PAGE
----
(ORDO NEWS) — There is something curious in the blood of black bears that allows them to hibernate for seven months of the year, while remaining fit and healthy.
Scientists aren’t sure what it is, but a new study has helped get closer to unraveling the mystery.
If we humans tried to hibernate for as long as a black bear, our muscles would begin to wear out from lack of physical activity. But when the bear comes out of the den at the beginning of spring, he stretches out a thin and strong body.
The muscle mass and strength of this creature is basically preserved from last year, despite the fact that he practically does not move, does not even drink or eat, does not poop or pee.
Scientists have been trying to understand how this superpower works for years, and a new study suggests that solvents in bears’ blood play a key role. They can even help prevent a person’s muscle atrophy.
This may sound crazy at first, but when researchers in Japan took the blood serum of seven hibernating bears and added it directly to tissue cultures made up of human skeletal muscle cells, they noticed an increase in the protein content of the cells within 24 hours.
At the same time, the production of a regulatory protein, which plays an important role in shedding unused muscles, has decreased.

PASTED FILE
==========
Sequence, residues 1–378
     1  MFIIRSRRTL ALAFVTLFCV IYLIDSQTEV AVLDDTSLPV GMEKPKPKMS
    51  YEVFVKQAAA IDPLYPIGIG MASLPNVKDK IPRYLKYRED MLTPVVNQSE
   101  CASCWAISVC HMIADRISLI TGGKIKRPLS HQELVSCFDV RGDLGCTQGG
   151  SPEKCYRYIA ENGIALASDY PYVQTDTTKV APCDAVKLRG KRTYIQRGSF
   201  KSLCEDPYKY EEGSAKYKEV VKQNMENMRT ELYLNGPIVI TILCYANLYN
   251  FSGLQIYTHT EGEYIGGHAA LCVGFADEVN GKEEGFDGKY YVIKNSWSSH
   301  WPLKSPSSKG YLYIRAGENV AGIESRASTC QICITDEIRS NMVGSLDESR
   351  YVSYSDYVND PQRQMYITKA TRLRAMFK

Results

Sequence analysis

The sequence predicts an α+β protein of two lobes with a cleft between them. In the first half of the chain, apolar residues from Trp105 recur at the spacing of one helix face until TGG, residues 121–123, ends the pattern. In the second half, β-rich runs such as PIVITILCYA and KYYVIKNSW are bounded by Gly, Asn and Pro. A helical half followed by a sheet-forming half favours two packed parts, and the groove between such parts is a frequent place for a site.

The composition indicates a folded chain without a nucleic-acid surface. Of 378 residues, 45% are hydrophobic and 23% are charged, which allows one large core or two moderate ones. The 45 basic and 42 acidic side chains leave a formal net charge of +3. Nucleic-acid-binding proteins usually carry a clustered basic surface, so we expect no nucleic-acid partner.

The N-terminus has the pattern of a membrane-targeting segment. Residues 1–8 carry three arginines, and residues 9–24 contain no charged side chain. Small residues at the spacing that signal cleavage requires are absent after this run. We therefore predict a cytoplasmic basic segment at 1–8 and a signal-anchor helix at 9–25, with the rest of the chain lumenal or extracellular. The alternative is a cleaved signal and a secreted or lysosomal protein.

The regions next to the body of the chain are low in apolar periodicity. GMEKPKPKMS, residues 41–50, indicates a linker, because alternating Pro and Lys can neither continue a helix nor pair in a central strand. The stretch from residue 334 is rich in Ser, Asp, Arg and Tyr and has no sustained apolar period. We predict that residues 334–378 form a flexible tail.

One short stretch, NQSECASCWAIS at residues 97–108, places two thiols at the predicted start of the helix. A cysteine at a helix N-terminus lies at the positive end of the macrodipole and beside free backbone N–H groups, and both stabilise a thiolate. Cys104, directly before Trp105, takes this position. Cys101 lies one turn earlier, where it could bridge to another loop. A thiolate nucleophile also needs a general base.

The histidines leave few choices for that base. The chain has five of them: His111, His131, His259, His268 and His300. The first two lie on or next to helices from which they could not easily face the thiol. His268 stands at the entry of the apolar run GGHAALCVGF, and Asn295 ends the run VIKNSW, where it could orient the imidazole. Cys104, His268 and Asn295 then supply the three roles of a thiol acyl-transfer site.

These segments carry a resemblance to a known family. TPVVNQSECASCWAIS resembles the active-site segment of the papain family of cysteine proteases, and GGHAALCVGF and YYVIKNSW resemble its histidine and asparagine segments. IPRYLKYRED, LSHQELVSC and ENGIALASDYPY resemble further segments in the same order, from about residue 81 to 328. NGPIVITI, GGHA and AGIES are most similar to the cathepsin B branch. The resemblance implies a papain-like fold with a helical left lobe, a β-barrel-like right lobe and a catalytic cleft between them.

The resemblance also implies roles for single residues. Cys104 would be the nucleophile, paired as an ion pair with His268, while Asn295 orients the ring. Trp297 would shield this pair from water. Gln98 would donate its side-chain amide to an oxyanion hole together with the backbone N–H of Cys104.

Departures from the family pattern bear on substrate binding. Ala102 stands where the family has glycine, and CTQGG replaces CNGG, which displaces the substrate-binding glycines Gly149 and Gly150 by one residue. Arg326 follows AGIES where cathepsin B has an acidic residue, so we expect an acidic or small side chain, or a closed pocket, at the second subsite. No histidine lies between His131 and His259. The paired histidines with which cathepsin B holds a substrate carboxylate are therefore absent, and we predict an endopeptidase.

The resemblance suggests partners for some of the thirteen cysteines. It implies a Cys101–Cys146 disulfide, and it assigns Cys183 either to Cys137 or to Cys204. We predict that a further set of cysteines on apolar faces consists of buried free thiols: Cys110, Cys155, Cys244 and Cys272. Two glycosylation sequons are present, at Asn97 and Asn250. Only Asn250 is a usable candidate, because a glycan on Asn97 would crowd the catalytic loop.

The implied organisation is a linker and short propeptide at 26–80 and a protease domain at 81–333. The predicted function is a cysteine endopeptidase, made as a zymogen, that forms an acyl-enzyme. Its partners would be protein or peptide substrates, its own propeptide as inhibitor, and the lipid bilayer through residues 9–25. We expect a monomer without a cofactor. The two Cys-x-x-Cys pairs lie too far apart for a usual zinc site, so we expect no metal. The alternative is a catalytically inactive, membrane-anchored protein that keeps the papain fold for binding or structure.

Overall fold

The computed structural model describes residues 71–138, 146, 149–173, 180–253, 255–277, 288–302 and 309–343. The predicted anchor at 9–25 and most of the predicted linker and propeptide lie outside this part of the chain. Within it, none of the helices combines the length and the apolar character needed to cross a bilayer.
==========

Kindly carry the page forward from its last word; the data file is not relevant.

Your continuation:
However, these changes in cells were observed only when blood from hibernation was added. When blood was taken from active black bears during the summer, the serum did not stop the natural process of protein degradation in human skeletal muscle cells.
“We have shown that a ‘some factor’ present in the blood serum of hibernating bears can regulate protein metabolism in cultured human skeletal muscle cells and help maintain muscle mass,” concludes physiologist Mitsunori Miyazaki of the University of Hiroshima.
“However, this ‘factor’ has not yet been identified.”
Similar studies have been done with black bear serum before, but none of them have been able to accurately determine the “factor” that determines super strength. In 2018, serum from hibernating bears caused a decrease in protein turnover in human skeletal muscle tissue.
A similar effect has also been demonstrated in rat skeletal muscle tissue.
That’s all we know for now, but Miyazaki is determined to keep looking for answers.
“By identifying this ‘factor’ in the blood serum of hibernating bears and elucidating the unexplored mechanism underlying the ‘muscles that don’t weaken even without use’ in hibernating animals, effective rehabilitation strategies in humans can be developed and chaining prevented.” to bed in the future,” he says.
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